In any event, enough was enough.
Matt Santos will have to win the election without Leo McGarry (Josh Lyman for VP?). Arnie Vinick? Yeah, right. Alan Alda gets top billing only when he's on, which isn't often enough.
This is supposed to be a two-man race, but nobody apparently told the writers. If anything, the Vinick camp is more interesting, or at least has a more intriguing supporting cast, what with Patricia Richardson, Stephen Root and real-life neocon Ron Silver mixing it up.
The Santos camp has had a whole lot of whining going on. Janeane Garofalo's communications chief is the predictable know-it-all pitbull, while Santos' wife, played by Teri Polo merely rolls her eyes a lot and looks peeved. Then there's Josh, who manages to piss off just about everyone at some point, including us. He needs to shtup Donna once and for all and get a grip.
Still, we're cautiously optimistic that the finale will be memorable for the right reasons. In its seven years, "The West Wing" hit a lot more than it missed, and that should be its most enduring legacy, given that painfully few shows can make that claim.
For those of you bereft at the prospect of life without a Bartlet administration, NBC has bestowed a few goodies to salve the pain such a void leaves, with full-season pickups in 2006-07 for "My Name Is Earl" and "The Office," which only keeps getting better. Too bad the season's being cut short this April because Steve Carell's leaving to do a movie.
Of course, if the flick's anything like "The 40-Year-Old Virgin" then all will be forgiven in a Dunder Mifflin minute.

Putting The Coal Mine Deaths Into Context

The Tragedies Of West Virginia Overshadow How Much Worse It Is Elsewhere
The media has been put in the position of having to learn again how to cover mining disasters, following the two accidents in West Virginia that killed 14 miners, and getting mixed reviews in the process.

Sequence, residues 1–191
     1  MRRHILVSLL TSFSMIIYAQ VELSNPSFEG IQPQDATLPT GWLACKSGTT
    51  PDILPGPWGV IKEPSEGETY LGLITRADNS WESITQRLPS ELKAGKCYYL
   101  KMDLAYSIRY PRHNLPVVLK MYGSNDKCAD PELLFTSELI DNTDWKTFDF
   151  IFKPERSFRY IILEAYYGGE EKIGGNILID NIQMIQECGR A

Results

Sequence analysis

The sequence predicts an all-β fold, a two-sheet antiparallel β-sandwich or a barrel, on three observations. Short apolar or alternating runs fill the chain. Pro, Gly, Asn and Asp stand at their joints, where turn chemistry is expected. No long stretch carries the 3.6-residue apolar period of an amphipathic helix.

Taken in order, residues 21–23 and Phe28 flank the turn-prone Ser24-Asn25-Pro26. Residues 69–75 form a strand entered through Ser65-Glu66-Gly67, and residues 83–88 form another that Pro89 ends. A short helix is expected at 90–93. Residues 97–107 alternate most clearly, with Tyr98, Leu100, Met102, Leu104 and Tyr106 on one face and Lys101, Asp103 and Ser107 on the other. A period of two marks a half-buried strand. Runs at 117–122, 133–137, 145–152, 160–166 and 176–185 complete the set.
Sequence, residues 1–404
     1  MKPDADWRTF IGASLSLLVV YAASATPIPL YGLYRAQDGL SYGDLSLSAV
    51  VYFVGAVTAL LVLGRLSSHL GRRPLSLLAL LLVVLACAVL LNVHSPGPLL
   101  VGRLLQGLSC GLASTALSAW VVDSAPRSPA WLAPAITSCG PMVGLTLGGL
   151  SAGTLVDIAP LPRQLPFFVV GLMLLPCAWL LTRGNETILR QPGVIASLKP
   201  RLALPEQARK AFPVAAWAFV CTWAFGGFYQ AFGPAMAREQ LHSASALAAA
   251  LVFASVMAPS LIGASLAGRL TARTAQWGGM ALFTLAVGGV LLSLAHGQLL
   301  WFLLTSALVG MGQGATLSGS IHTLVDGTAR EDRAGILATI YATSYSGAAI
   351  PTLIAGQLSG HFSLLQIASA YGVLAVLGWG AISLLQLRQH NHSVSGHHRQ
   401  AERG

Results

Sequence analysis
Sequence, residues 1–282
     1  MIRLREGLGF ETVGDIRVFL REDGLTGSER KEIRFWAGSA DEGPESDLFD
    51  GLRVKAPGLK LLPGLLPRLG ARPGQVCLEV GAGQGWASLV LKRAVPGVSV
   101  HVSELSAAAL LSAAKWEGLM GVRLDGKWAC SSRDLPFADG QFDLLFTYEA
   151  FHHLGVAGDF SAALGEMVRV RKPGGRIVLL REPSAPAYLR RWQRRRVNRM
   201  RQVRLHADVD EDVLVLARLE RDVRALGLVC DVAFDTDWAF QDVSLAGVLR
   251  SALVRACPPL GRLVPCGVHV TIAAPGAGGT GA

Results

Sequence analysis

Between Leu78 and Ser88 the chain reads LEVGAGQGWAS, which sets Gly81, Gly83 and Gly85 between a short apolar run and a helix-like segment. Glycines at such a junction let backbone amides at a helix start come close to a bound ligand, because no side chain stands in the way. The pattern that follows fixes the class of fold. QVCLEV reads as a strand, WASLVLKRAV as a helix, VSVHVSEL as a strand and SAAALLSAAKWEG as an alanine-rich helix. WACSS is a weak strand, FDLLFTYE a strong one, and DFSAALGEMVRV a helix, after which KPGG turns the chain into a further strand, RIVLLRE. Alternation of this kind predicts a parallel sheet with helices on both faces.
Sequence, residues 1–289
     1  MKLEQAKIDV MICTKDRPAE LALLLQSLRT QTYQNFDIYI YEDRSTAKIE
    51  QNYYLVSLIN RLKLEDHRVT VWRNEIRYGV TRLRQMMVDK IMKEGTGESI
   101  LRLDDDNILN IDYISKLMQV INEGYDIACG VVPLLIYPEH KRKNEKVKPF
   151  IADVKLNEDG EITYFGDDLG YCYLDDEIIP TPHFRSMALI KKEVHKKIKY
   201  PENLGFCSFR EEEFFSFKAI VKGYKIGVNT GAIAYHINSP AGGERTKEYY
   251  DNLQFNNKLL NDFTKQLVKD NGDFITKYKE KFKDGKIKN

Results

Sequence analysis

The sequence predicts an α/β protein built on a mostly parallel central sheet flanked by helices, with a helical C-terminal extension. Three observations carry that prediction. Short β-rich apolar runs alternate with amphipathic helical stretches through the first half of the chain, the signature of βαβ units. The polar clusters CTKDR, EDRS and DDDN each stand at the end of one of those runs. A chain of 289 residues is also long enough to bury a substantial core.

Of course, mining accidents used to be enough of an occurrence where only a large body count would cause more than a ripple in the press, sort of where we're at now when a few soldiers get picked off in Iraq.
Which puts the Chinese media in a difficult position. It has the equivalent of a Sago tragedy -- in terms of the number of dead miners -- about 523 times a year.
It's almost to the point where mining deaths in China are no longer news, merely hazards of the trade or new employment opportunities for the rural poor who flock to these jobs.
To be sure, coal mines don't have a monopoly on sending workers to their final reward. All told, there were more than 126,700 workplace deaths in China last year, Corporate Social Responsibility in Asia reports, quoting official government figures.
The really scary part: That's nearly 10,000 fewer deaths than in 2004.

Friday, January 20, 2006

New York Dailies Fight To See Who Can Hate Accused Child Killer More

In Jailhouse Interview That's A Reporter's Dream and Lawyer's Nightmare, Nixzmary Brown's Stepfather Tells Almost All
The headlines in New York newspapers this week have been dominated by the tragedy that was the short life of Nixzmary Brown, the 7-year-old girl who authorities say was beaten to death by her stepfather.